The first known and dated work of Leonardo da Vinci is a pen and ink drawing of a valley shaped by the river Arno. This drawing dated 5th of August 1473 reflects the ingenious mind of Leonardo. The Arno valley is drawn with aerial perspective by allowing the color of the paper to dominate and less details as the depth increases. This effect will be called later “the perspective of disappearance”.

The Uffizi, Florence 1472-1475 Leonardo da Vinci assisted his master Andrea del Verrocchio on the painting “Baptism of Christ”, which was commissioned by the monks of San Salvi near Florence. The angel kneeling at the far left, parts of the landscape and the body of Christ are considered to be from Leonardo.

Vasari reported about this painting:

Verrocchio had already done the main work: “Leonardo painted an angel who was holding some garments; and despite his youth, he executed it in such a manner that his angel was far better than the figures painted by Verrocchio. This was the reason why Andrea would never touch colours again, he was so ashamed that a boy understood their use better than he did.”

It’s also true that this was Verrocchio’s last known painting.

An x-ray of this painting showed that the original sketching Verrocchio did for Leonardo’s angel was entirely different from the final result. Leonardo was freeing himself of his master’s coaching to follow his own path. It’s interesting to compare the two angels, Leonardo’s playing close attention to the action, the figure looking quite natural and part of the activities and scene. In contrast, Verrocchio’s angel stares off into space with no interest in what is going on and he looks a little bit bored.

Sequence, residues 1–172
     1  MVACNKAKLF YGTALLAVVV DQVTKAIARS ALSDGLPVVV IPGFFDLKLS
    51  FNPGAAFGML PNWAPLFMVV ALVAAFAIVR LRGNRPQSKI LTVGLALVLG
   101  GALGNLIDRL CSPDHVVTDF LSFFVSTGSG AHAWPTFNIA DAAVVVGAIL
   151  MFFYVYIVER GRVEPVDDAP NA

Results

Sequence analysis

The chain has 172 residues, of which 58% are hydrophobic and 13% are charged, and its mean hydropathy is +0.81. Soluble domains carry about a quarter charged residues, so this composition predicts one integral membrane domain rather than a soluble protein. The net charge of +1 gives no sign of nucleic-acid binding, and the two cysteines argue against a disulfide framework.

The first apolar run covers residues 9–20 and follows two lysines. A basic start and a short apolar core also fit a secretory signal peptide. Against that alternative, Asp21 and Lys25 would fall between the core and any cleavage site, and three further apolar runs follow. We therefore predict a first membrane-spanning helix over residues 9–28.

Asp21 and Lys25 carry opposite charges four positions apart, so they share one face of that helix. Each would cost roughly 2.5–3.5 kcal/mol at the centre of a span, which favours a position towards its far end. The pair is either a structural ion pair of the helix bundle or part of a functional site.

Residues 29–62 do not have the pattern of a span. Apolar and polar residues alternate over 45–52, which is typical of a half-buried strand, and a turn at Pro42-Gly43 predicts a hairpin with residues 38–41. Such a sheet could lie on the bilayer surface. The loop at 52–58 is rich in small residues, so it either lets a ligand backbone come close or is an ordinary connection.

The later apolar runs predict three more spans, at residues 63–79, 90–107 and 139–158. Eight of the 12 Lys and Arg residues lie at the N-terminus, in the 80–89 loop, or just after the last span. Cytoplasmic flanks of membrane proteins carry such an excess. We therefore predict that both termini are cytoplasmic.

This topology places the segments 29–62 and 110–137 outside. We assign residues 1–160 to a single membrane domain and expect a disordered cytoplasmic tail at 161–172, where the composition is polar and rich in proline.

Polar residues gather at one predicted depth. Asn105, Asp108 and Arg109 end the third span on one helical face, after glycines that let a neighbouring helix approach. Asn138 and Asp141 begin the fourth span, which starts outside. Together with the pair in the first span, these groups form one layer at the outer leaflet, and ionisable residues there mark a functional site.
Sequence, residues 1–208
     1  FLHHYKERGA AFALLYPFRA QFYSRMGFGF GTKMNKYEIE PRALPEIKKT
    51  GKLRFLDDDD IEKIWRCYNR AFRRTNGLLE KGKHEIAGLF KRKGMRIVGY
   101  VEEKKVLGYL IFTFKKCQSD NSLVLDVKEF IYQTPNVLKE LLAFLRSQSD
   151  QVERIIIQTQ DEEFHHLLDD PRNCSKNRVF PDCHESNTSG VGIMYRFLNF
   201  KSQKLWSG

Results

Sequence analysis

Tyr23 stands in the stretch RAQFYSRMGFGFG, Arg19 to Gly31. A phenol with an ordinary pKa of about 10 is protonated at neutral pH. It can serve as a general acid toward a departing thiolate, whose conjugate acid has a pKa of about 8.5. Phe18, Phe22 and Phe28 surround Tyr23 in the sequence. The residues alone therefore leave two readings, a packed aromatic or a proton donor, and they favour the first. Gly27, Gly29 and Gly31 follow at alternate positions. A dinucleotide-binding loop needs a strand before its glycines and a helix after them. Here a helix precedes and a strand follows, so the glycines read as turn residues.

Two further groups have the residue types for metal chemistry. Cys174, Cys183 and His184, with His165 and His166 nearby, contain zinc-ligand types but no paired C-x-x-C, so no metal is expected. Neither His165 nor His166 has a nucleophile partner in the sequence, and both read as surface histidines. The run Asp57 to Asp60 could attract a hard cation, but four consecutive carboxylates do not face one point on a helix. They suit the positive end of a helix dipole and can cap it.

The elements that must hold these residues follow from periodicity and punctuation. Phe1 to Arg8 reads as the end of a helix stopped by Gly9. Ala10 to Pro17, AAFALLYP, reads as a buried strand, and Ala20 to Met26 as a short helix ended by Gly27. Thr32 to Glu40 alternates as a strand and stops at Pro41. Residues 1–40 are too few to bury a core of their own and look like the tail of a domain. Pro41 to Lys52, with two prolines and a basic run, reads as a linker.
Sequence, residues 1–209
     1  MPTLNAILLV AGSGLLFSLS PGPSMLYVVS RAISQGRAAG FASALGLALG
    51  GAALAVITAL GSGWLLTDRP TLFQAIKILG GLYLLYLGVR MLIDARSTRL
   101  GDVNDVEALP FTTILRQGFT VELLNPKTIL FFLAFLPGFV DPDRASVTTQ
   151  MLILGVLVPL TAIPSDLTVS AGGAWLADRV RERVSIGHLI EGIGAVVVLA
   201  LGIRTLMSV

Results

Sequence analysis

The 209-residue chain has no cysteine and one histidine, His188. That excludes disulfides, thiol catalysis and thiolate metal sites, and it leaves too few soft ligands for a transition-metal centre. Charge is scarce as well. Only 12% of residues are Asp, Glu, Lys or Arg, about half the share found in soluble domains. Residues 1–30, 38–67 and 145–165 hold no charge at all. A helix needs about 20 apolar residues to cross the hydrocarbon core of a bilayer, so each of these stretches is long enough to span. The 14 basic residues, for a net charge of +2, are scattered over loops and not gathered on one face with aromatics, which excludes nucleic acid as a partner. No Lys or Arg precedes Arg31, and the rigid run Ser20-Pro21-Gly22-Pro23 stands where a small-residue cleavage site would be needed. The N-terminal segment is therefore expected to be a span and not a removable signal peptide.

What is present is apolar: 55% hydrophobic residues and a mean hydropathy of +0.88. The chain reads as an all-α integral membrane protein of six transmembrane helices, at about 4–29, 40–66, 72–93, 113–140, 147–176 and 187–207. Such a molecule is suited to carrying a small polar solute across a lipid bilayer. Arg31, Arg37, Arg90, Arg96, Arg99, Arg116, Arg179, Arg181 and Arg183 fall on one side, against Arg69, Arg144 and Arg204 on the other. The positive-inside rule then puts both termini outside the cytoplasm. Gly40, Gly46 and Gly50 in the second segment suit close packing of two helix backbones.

Of the four figures in the painting the angle painted by Leonardo is significantly better than the others, the rest being by Verrocchio (John the Baptist), Botticelli, Credi and various other students.

It is supposed that Leonardo had his own workshop between 1476 and 1478. During this time he received at least two orders. The sketch from 1478 shows an angel simlar to the one of the painting “Baptism of Christ”. In addition some mechanical elements and a portrait are part of this sketch. It’s remarkable that t this time Leonardo da Vinci already started his mechanical studies.

The Impeachment

A remarkable event happened on 8. April 1476. At this time it was usual to put anonymous accusations in a wooden box (called tamburo), which was put up in front of the Palazzo Vecchio (Picture).

On 8. April Leonardo and four others were accused. The anonymous person accused Leonardo to have a homosexual affair with Jacopo Saltarelli, who was a model. The procedure ended for all participants with an acquittal of the charge.

This story is an indication of the supposed homosexuality of Leonardo da Vinci.

First period in Florence 

Leonardo da Vinci created the left/left painting 1478. Remarkable is the beauty of the virgin and the attentive facial expression of the child, who looks at the flower.

This madonna painting is one of two, which Leonardo painted at this time. The second one, a madonna with a cat, doesn’t exist, but a sketch from Leonardo exists in the British Museum (left/right).

Around 1480/1481 Leonardo created the small Annunciation, which is now in the Louvre. It’s a lovely small painting with a deep and misty landscape and also the flowers in the foreground are a typically work of Leonardo da Vinci. Beside this Annunciation there exists another one, which is now in Florence. The annunciation from Florence is usually ascribed to Leonardo, but the most scientifically facts indicate, that it is from Lorenzo di Credi, who worked with Leonardo in the workshop of Andrea del Verrocchio.

Invitation to France 

King Francis I. invited Leonardo da Vinci to spend the last span of life in Amboise at the court of France. In autumn 1516 Leonardo arrived in Amboise. In his baggage was the famous painting Mona Lisa.

Leonardo lived in Amboise in the small castle Cloux which is now called Le Clos Luce. This castle is situated between the town and the king castle.